When I wrote this  article a while back, the intention was to publicize the software tools that I was personally using at the point of time to help me in my research work- plotting graphs, analysing data, writing papers, running simulations, e.t.c. Those tools soon became indispensable for my research and hence I always installed them first after a fresh install of Linux. I longed for a Linux distro which would already have these tools installed and allow me to have a fully functional Linux workstation from the first boot.
The Scratching begins
I was getting wary of Ubuntu after their last release (April, 2011) and was looking for a new distribution to commit to – I thought I will give Fedora a shot (last time I tried Fedora was during the Fedora Core days) on one of my computers. Then, I started looking around for ways to create custom Fedora spins when I came across the tutorial for Fedora . And that’s pretty much all I needed to get started working on a Linux for users in Science and Academia – Fedora Scientific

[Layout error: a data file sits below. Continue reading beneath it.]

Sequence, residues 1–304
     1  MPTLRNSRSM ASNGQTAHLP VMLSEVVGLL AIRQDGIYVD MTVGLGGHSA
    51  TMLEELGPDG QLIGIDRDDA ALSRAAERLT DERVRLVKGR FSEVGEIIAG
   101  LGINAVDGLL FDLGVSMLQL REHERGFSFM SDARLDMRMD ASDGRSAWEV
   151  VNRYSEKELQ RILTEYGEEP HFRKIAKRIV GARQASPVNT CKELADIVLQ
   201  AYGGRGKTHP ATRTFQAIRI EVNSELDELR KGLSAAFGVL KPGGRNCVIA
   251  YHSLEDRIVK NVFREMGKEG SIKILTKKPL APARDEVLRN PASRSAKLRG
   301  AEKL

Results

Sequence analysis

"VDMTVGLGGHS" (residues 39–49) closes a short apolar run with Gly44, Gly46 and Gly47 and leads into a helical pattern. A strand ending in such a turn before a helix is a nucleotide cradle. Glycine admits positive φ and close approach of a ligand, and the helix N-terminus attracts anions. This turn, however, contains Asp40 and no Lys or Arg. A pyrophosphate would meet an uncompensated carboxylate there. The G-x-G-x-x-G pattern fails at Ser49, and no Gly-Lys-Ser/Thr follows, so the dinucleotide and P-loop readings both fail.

Discussions on Mailing lists
The most fruitful technical part of the discussion happened on the Canberra Linux User’s Group.  Thanks to all the folks who made suggestions for various packages and more importantly opined that the spin would be useful to the target audience.
Fedora Spins SIG
The official word on whether the proposed spin would be found useful by the Fedora community in general and Linux community overall was decided by the Fedora Spins SIG . Thanks to their support and approval.
Fedora Scientific is officially on course for release with the Fedora 16 release in the next few days. The nightly builds are now available from 
Talk to Us, Contribute
Come, talk to us on the Fedora SciTech SIG mailing list . Thanks to all the members of SciTech SIG for their useful discussions and comments. This page explains the spin in more detail.
Current List of Packages
The current list of software made available in Fedora Scientific Spin are at .
Fedora Artwork and Fedora Websites team for help in the artwork for the spin, Bill Nottingham for the initial comments on the idea and Christoph Wickert for seeing the spin through for release. All the other people who contributed even with a single word of encouragement online and offline, please acknowledge my sincere thanks.
In the next post, which I intend to do soon after the official release, I shall talk about the applications and programs installed in Fedora Scientific.
And last, but by no means the least- Snowy, you make this world a better place for me.